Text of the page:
Severe mental illness is rarely talked about publicly, let alone referenced proudly and unapologetically on a T-shirt.
Graphic designer Michelle Hammer is hoping to change that — by starting a conversation about schizophrenia through her eye-catching designs as part of her company, Schizophrenic.NYC.
The company, which sells everything from T-shirts to coffee mugs and bracelets, launched in 2015. Through the business, Hammer, who was diagnosed with schizophrenia at age 22, hopes to change how New York City sees the chronic mental health disorder.
A photo posted by Schizophrenic.NYC (@schizophrenic.nyc) on Sep 4, 2016 at 2:57pm PDT
An estimated 1.1 percent of the world’s population has been diagnosed with schizophrenia, with approximately 3.5 million people in the United States living with the disorder. According to several studies, 25 percent of those living with schizophrenia recover completely, while 50 percent see mental health improvements over a 10-year period. An estimated 25 percent of people diagnosed with the disorder do not improve over time.
Those who live with the disorder may seem like they are out-of-touch with reality to others, sometimes experiencing delusions and hallucinations. Hammer says her schizophrenia often manifests itself as vivid "daydreams" that often turn into intense conversations with herself.
“I can sometimes get so lost in a daydream that people have to snap me out of it,” she tells The Mighty. “Sometimes I get delusional and think of entire stories that I believe happened in the past when in fact they haven’t.”
Hammer started conceptualizing her designs in May 2015 after having an encounter with a man she suspected also lived with schizophrenia on a New York City subway. The man was talking to himself and seemed disconnected from reality. Hammer says she immediately saw herself reflected in the man's behavior. In that moment, she realized that without familial support, she could also be struggling to find stability.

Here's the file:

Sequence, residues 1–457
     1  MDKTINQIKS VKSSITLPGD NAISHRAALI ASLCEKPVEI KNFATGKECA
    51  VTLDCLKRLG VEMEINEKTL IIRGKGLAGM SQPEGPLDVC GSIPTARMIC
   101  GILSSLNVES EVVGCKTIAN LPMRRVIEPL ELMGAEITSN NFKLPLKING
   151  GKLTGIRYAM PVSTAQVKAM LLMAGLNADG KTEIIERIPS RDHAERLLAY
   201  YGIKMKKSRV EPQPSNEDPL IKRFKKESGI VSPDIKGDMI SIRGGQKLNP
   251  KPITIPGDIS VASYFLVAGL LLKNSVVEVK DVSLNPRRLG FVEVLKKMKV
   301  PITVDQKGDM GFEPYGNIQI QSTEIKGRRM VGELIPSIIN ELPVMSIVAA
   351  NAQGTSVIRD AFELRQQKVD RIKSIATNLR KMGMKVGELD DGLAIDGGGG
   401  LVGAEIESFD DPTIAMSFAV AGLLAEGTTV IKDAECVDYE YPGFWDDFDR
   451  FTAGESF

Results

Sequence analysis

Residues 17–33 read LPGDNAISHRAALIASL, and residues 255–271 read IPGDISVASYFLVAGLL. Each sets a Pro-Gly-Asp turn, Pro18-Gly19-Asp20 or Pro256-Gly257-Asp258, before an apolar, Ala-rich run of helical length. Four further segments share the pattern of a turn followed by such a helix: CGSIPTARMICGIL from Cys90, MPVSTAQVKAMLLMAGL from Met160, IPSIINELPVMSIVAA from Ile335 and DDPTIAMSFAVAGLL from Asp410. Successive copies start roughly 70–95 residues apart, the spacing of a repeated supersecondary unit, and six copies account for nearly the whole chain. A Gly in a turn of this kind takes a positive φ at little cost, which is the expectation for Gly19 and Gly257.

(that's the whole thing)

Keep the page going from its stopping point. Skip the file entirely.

She then decided to use her graphic design skills to create products based around her experience with schizophrenia, hoping her designs could benefit people like the man on the subway. As a result, not only does Schizophrenic.NYC spread awareness of misconceptions and stigma surrounding schizophrenia, but the products also give back. A portion of each purchase goes to mental health organizations, including Fountain House and the New York chapter of the National Alliance on Mental Illness.
One of Hammer's designs is based on a Rorschach test, a common inkblot test people with mental illness are given during psychological testing. Hammer says when people who live with schizophrenia look at the test unmedicated, they see if from a different perspective. Her designs try to mimic that perspective, using vibrant colors and patterns to present a new way of viewing the black and white test.
"What I did was take that test and switched up the colors and patterns, so now everyone is forced to look at it from a different perspective," she says in a video describing her T-shirt line.
A photo posted by Schizophrenic.NYC (@schizophrenic.nyc) on Oct 10, 2016 at 12:18pm PDT
Other designs available in the fashion line feature clever slogans inspired by symptoms people with schizophrenia usually experience (including paranoia and delusions) to create affirming messages. One of those is even the tagline for the company: "Don't be paranoid, you look great."
A photo posted by Schizophrenic.NYC (@schizophrenic.nyc) on Sep 15, 2016 at 11:36am PDT
Though the company is hyper-focused on dispelling stigma and spreading awareness in New York, the products created by Schizophrenic.NYC ship all over the country. Hammer also says she isn't ruling out expanding her line to make a broader impact.
“I do think about going national and would love to,” she tells The Mighty. “But that is something I plan for in the future. Right now, I’m keeping it local.”